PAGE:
Many theories exist about what humour is and what social function it serves. The prevailing types of theories attempting to account for the existence of humour include psychological theories, the vast majority of which consider humour-induced behaviour to be very healthy; spiritual theories, which may, for instance, consider humour to be a "gift from God"; and theories which consider humour to be an unexplainable mystery, very much like a mystical experience. The benign-violation theory, endorse

    Some claim that humour should not be explained. Author E.B. White once said, "Humor can be dissected as a frog can, but the thing dies in the process and the innards are discouraging to any but the pure scientific mind." Counter to this argument, protests against "offensive" cartoons invite the dissection of humour or its lack by aggrieved individuals and communities. This process of dissecting humour does not necessarily banish a sense of humour but directs attention towards its politics and as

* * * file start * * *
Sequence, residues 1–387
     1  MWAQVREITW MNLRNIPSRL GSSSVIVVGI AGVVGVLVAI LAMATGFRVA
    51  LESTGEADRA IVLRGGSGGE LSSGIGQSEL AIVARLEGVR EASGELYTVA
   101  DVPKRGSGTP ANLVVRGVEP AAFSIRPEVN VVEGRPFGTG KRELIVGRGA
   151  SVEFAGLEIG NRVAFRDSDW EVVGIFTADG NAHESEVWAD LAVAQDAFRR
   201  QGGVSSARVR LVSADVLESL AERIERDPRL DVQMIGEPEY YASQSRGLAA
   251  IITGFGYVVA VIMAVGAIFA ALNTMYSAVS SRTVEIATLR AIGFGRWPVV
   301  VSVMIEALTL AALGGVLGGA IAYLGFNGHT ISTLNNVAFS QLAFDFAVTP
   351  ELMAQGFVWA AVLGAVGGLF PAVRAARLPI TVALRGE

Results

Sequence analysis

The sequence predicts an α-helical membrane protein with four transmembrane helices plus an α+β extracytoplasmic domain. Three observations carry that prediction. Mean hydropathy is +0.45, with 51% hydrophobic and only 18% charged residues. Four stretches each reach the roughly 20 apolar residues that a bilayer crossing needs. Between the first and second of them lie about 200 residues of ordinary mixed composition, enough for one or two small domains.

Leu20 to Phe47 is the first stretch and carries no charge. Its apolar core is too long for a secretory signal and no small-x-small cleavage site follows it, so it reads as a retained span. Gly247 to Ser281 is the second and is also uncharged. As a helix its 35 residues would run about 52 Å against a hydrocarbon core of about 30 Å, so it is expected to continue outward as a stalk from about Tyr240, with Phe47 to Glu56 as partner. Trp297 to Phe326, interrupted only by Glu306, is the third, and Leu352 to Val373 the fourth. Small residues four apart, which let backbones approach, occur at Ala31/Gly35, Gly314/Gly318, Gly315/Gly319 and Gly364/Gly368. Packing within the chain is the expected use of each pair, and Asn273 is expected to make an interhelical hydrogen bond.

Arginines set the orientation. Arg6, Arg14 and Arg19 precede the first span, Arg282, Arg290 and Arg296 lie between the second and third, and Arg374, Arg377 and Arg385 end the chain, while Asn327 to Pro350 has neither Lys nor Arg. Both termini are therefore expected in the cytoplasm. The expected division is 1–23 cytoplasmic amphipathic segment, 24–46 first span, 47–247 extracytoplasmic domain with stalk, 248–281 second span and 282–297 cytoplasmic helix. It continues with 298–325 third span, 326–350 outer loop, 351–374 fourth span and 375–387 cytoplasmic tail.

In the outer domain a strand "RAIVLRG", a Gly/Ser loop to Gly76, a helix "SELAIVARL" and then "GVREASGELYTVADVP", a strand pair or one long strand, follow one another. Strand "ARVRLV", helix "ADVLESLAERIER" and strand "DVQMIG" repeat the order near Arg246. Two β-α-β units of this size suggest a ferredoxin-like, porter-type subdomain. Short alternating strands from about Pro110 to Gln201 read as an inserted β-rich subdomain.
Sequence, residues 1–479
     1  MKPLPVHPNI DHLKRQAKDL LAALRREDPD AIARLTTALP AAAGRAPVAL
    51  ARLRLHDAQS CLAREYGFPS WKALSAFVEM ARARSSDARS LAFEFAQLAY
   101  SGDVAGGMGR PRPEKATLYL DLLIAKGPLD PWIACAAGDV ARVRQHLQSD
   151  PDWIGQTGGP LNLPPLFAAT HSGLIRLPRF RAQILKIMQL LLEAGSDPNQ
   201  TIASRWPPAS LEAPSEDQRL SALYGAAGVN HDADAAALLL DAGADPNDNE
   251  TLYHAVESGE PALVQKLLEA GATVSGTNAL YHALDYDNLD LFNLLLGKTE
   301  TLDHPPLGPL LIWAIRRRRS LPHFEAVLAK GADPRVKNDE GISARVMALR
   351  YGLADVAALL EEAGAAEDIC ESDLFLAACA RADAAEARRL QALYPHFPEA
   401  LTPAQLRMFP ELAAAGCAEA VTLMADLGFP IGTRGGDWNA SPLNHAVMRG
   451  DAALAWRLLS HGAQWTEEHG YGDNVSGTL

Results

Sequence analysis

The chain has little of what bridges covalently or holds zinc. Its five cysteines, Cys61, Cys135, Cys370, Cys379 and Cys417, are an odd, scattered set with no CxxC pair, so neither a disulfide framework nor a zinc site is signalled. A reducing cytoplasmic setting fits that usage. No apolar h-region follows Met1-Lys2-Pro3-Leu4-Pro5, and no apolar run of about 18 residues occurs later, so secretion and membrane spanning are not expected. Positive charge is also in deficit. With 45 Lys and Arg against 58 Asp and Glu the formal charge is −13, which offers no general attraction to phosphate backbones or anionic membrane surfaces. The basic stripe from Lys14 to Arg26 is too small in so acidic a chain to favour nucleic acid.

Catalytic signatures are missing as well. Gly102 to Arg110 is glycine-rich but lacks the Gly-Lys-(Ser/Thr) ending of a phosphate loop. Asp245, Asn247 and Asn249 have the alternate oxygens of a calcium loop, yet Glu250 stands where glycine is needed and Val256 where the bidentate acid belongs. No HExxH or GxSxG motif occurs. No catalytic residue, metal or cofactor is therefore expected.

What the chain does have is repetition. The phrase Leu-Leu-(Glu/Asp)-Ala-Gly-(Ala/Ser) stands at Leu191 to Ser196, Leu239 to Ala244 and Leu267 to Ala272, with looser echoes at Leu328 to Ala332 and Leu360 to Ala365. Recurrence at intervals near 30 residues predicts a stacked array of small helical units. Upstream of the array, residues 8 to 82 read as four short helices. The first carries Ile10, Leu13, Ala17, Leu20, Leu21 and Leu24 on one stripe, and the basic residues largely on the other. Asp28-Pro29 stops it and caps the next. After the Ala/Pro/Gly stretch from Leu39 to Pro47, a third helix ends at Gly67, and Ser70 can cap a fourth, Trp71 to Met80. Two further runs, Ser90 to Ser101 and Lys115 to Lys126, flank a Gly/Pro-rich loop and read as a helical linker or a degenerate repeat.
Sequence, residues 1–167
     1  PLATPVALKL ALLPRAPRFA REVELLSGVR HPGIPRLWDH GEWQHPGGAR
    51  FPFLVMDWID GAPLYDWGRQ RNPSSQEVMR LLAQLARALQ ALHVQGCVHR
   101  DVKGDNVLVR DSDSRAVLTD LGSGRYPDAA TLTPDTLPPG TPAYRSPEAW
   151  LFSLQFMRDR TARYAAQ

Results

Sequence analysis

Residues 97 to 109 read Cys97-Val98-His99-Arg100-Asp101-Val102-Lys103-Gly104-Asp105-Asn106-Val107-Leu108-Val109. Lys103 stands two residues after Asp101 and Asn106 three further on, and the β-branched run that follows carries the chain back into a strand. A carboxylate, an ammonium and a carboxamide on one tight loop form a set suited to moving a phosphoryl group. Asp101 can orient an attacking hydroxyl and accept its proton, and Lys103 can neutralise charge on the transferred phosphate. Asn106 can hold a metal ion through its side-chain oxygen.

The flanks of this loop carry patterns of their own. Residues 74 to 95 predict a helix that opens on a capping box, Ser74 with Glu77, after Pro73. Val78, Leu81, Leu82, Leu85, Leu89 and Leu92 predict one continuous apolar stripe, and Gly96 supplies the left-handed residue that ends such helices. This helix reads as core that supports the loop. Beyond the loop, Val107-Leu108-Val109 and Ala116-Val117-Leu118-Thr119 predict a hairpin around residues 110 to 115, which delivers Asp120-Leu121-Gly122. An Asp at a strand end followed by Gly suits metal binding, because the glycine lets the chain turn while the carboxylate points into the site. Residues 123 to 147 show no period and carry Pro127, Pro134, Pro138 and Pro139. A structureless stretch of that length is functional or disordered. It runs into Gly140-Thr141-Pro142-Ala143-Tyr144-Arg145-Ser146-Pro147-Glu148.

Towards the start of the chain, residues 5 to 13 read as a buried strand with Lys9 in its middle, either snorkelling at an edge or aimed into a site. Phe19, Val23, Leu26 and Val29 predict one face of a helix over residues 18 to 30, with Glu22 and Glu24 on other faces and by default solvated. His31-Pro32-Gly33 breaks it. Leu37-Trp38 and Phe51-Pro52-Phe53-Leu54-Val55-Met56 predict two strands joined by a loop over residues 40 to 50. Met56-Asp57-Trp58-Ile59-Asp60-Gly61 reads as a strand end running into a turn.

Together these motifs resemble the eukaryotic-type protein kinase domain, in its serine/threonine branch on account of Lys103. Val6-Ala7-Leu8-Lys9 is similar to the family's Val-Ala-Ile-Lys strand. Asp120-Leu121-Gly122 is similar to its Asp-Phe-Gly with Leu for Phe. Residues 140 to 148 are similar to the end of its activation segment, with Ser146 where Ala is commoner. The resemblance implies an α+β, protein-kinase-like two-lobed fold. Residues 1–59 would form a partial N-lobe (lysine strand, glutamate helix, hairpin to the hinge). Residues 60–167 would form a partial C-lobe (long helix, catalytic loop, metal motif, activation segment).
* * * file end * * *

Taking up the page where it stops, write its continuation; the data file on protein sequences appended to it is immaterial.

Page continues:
As with any art form, the acceptance of a particular style or incidence of humour depends on sociological factors and varies from person to person. Throughout history, comedy has been used as a form of entertainment all over the world, whether in the courts of the Western kings or the villages of the Far East. Both a social etiquette and a certain intelligence can be displayed through forms of wit and sarcasm. Eighteenth-century German author Georg Lichtenberg said that "the more you know humour